Too many of today's children have straight teeth and crooked morals. ~Unidentified high school principal

The man with toothache thinks everyone happy whose teeth are sound. ~Bernard Shaw (1856–1950)

DENTIST, n.  A prestidigitator who, putting metal into your mouth, pulls coins out of your pocket. ~Ambrose Bierce

I find that most men would rather have their bellies opened for five hundred dollars than have a tooth pulled for five. ~Martin H. Fischer (1879–1962)

I pray thee, peace. I will be flesh and blood;
For there was never yet philosopher
That could endure the toothache patiently,
However they have writ the style of gods
And made a push at chance and sufferance.
~William Shakespeare, Much Ado about Nothing, c.1598  [V, 1, Leonato]

Human beings cannot be persuaded to regard themselves as mere natural phenomena. It is an alluring thought that the true, the beautiful and the good are merely embodiments of a single idea, but it is a thought which makes little appeal to a man with an ulcerated tooth. ~Gilbert Newton Lewis, The Anatomy of Science, 1926

One thing I like less than most things is sitting in a dentist chair with my mouth wide open,
And that I will never have to do it again is a hope that I am against hope hopen.
Because some tortures are physical and some are mental,
But the one that is both is dental...
~Ogden Nash (1902–1971), "This Is Going to Hurt Just a Little Bit"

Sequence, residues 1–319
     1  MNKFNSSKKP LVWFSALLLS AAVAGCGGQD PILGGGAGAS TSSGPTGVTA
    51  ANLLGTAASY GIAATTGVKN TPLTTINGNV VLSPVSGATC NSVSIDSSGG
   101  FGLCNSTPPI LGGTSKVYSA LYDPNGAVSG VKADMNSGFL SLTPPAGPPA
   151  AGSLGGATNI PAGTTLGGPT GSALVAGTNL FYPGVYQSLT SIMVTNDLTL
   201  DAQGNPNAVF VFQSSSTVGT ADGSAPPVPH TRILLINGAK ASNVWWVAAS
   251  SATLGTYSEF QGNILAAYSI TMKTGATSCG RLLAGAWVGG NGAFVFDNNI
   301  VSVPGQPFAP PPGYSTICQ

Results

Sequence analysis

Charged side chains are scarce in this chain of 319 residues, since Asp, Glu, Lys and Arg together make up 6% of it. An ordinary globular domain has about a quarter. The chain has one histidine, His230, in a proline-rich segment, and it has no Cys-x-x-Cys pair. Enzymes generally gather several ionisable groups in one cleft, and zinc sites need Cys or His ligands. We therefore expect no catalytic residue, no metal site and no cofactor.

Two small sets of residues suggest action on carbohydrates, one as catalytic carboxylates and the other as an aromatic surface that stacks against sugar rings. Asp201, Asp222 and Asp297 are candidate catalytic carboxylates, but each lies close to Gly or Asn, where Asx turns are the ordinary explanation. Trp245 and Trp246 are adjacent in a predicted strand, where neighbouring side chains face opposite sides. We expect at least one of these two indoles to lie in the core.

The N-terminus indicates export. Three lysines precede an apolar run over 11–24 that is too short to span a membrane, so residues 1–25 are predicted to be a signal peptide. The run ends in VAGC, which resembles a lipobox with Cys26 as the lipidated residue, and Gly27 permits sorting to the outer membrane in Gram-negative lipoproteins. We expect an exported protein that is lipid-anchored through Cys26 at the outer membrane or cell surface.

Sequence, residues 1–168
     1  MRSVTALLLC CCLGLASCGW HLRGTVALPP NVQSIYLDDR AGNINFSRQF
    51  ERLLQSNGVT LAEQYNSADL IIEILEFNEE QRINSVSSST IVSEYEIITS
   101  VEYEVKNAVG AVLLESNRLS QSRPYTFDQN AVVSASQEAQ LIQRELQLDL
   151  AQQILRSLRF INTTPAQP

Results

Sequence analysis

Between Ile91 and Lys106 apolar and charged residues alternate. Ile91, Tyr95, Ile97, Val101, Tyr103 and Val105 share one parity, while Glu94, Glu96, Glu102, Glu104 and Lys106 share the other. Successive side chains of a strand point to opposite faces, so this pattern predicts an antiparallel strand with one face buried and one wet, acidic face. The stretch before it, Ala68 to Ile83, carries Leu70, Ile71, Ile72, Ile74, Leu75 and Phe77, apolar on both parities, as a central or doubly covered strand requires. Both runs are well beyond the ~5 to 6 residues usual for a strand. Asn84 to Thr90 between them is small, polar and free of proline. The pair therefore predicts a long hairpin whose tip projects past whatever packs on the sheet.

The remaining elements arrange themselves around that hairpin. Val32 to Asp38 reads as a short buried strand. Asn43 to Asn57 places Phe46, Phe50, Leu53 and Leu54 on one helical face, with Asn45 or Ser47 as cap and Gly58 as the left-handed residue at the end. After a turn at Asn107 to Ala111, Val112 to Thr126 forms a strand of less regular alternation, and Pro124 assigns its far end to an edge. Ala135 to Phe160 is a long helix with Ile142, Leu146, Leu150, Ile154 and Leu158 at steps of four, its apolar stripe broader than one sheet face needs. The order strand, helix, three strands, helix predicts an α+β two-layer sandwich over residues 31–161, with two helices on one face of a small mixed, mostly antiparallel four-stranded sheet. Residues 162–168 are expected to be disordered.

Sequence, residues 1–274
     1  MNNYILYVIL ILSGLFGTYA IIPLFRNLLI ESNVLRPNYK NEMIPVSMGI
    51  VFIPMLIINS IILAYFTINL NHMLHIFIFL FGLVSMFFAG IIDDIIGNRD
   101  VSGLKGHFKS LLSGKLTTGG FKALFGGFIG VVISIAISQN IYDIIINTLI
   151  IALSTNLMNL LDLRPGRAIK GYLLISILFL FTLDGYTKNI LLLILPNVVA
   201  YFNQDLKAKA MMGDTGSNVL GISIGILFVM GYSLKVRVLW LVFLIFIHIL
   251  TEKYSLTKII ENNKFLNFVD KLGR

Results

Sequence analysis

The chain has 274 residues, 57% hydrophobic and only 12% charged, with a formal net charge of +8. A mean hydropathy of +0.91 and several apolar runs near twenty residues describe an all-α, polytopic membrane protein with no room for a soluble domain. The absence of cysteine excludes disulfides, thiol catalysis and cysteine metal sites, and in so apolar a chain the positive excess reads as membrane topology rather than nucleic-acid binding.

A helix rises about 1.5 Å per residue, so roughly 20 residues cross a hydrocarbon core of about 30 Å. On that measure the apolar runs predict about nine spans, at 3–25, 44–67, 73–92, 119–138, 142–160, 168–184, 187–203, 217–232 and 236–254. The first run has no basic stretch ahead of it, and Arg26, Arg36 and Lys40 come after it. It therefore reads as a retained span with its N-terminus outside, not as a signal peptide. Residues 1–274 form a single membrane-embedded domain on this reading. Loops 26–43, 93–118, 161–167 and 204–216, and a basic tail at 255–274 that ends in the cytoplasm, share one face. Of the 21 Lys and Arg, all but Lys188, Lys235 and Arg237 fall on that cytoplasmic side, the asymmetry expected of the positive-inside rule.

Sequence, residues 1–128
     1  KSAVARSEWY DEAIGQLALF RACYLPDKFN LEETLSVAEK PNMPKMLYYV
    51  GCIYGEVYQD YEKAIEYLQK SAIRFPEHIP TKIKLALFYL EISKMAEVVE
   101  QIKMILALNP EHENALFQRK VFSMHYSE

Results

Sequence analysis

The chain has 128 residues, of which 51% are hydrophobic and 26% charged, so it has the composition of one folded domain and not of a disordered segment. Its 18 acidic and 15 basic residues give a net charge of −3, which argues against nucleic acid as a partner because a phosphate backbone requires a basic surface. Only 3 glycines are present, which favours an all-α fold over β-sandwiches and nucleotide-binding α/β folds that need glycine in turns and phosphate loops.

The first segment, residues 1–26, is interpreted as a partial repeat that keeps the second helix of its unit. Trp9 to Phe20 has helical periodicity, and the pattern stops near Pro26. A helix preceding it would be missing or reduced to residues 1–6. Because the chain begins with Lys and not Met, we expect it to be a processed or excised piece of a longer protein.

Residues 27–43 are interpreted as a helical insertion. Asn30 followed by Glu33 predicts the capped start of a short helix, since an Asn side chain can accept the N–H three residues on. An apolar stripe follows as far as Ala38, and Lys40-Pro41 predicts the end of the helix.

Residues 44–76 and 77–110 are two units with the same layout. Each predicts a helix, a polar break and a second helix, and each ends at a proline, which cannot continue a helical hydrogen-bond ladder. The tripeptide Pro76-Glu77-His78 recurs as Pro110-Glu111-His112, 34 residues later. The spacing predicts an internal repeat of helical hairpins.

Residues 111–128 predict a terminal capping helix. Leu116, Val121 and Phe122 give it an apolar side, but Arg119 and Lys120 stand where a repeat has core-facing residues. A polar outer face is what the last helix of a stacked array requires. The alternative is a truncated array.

My dentist's business card says, "teeth are the windows to the soul." ~Jimmy Fallon, @jimmyfallon, tweet, 2017

I went to the dentist because I'm having trouble with my bite. I still want to. ~Robert Orben, 2400 Jokes to Brighten Your Speeches, 1984

Even pearls are dark before the whiteness of his teeth! ~Neẓāmī (c.1141–1209), "Charity's Eye," translated by William Rounseville Alger, The Poetry of the Orient, 1865

If a patient cannot clean his teeth, no dentist can do it for him. ~Martin H. Fischer (1879–1962)

An aching tooth is better out than in,
To lose a rotting member is a gain.
~Richard Baxter

THE  HAPPIEST  TIME in anyone's life is the 1st 15 minutes after they've just had a big aching jaw tooth jerked out. ~Josh Billings, revised by H. Montague

My health plan doesn't cover dental, so I enrolled my teeth as 32 dependents, each needing a complete physical once a year. ~Robert Brault,

A man loses his illusions first, his teeth second, and his follies last. ~Helen Rowland

There are... two things in life that a sage must preserve at every sacrifice, the coats of his stomach and the enamel of his teeth. Some evils admit of consolations: there are no comforters for dyspepsia and toothache. ~Edward George Earle Bulwer-Lytton, 1st Baron Lytton, Kenelm Chillingly: His Adventures and Opinions, 1873

Adam and Eve had many advantages, but the principal one was, that they escaped teething. ~Mark Twain

The tongue rolles there where the teeth aketh. ~Proverb

The Tongue is ever turning to the aching Tooth. ~Proverb

Music helps not the tooth-ache. ~Proverb

Some old women and men grow bitter with age. The more their teeth drop out the more biting they get. ~George D. Prentice